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Are You Tired of the Academic Run-Around?
…an Advisor Who’s Never In, a Grad Program That Doesn’t Care, Funding That’s Never Enough, a Job Market That’s in The Tank, and a Tenure System That’s a Total Mystery—And No One to Give You an Honest Answer
I am here to help. I am Karen L. Kelsky, Ph.D.. I spent 15 years as an R1 tenured professor, department head, and university advisor, and almost ten years as an academic career coach. I tell you the truth: the truth about grad school, the job market, and tenure. To the best of my ability.
On the ‘Pearls of Wisdom’ Blog (see the categories to the right), I offer the hands-on information you need now to get through the hoops of academia.
I also work with you, one-on-one, with complete confidentiality, on the writing, speaking, and interview skills you need to move closer to your professional goals. I focus on your particular strengths and challenges, and outline the steps you need to take to be successful in each of your specific applications and projects. Together we chart a path to make you competitive. I can’t guarantee a particular outcome, but I can guarantee that I will deliver to you, to the best of my ability, bullshit-free advising on your grants, writing, the job market, and tenure, as well as coaching on professional and career dilemmas.
I am the available and career-savvy adviser you need, that you should already have, but probably don’t.
One of the biggest discoveries of these long pandemic years, for me, has been the world of oils. Facial oils, of course (long time readers
By: The Graduate Geographers’ Collective (1) Introduction Amidst the COVID19 pandemic, the New York Times declared that the national protests against police brutality, and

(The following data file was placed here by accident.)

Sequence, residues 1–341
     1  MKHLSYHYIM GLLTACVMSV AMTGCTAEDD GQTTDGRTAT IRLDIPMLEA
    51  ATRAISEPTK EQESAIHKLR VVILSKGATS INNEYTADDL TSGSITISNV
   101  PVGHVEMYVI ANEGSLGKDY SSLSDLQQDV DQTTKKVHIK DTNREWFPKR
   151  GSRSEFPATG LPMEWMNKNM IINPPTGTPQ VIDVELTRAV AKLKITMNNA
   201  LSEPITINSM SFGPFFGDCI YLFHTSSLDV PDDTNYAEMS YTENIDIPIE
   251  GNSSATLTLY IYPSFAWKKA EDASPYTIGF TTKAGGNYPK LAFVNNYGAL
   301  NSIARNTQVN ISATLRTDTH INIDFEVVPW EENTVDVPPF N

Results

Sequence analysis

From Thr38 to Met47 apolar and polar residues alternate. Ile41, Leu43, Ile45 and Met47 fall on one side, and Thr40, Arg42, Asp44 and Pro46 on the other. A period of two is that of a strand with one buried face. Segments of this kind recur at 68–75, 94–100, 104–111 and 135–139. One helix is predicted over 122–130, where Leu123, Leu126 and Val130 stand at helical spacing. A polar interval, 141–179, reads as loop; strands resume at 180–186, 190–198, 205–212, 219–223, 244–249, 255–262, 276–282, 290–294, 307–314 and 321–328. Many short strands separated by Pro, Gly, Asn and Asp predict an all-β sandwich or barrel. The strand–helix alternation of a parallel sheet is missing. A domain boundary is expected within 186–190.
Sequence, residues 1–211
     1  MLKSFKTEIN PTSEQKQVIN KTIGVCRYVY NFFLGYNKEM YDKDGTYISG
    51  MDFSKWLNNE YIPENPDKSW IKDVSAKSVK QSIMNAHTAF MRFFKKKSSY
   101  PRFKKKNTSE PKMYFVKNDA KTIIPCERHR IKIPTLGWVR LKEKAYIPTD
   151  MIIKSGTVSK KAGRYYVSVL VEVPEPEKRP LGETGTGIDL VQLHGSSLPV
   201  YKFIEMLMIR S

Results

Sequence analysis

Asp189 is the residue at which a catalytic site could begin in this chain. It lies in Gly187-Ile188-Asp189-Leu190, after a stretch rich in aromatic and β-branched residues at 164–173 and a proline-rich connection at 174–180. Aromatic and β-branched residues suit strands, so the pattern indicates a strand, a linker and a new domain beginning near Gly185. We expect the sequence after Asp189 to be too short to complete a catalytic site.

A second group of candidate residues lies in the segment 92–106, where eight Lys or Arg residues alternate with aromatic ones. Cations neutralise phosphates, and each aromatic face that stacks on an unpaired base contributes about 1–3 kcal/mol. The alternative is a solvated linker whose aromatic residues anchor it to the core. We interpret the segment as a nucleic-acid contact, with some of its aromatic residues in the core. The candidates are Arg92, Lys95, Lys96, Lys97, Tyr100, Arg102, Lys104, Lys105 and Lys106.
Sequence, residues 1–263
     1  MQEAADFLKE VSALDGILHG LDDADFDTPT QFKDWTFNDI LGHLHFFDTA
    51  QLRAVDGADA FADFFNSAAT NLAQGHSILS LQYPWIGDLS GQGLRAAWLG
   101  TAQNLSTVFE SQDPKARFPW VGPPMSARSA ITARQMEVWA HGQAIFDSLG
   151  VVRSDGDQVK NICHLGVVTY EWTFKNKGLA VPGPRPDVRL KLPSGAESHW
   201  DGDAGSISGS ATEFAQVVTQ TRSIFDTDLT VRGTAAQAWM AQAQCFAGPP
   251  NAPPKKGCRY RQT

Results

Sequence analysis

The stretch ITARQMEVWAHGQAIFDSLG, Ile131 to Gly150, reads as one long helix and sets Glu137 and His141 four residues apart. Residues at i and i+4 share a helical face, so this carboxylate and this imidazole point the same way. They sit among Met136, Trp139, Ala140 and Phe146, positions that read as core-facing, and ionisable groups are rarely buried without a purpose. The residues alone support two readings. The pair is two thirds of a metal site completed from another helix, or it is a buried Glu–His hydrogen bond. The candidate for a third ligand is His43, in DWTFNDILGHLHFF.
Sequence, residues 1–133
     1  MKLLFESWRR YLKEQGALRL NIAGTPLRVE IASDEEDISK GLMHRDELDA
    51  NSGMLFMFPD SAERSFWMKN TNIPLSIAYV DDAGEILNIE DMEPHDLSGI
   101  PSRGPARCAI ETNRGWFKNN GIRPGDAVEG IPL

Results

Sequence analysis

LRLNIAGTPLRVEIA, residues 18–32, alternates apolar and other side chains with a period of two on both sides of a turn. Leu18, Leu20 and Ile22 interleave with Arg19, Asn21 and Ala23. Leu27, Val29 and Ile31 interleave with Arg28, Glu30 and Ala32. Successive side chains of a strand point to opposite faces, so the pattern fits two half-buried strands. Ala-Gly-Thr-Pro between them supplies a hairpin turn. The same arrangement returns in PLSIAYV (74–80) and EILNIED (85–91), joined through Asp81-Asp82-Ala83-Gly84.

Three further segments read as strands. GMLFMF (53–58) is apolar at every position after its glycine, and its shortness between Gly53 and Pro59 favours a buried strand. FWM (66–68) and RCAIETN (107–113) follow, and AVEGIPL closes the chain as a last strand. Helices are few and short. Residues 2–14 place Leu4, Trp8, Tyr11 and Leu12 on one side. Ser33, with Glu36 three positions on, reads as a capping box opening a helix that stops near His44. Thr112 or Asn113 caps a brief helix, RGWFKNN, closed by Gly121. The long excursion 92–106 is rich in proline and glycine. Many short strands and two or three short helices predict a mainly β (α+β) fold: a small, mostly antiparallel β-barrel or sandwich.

By Verity Lowell. Verity Lowell is a professor and occasional curator. She likes imagining and describing a world where art, ambition, and history provide the
Today we are joined by the remarkable Deja Rollins, speaking about performative allyship. Deja, a graduate student in Communications at UIUC, was the standout star of Karen’s TedX event hosted by U of Arkansas Monticello, and we’ve been working on getting her on the podcast for almost a year. In this conversation Deja talks about how white folks, particularly in the academy, talk the talk of “allyship” (especially during summer 2020) without taking any meaningful action, or sacrificing any of our money, ego, status, or institutional power. She makes the point that identifying as an “ally” is a self-identification actively claimed BY certain white folks (and not requested by Black folks), and, she says, if we’re “about that life then it’s on us to actually show up and do the work.” Don’t wait for Black bodies to be headlines to show up with hashtags. Don’t tell Black scholars their work on Black trauma needs to be “sexier.” White people: Recognize our continued possessive investment in whiteness, especially in academic spaces. We own space all the time; so the task is sit down and listen. White people: we own spaces of ease, so feel uncomfortable. Prioritizing white folks feeling “safe” (in all the endless anti-racism workshops) is a further violence and silencing. White people: we own the standards of evaluation, so vocally question the standards by which you are evaluating graduate students, job candidates, tenure candidates. Deja’s message: “If I can’t say outright this is bullshit, whiteness as a normative structure is whack as hell, a lot of performance and no action, if you can’t hear that, if i make you uncomfortable, that’s not where I need to be.”
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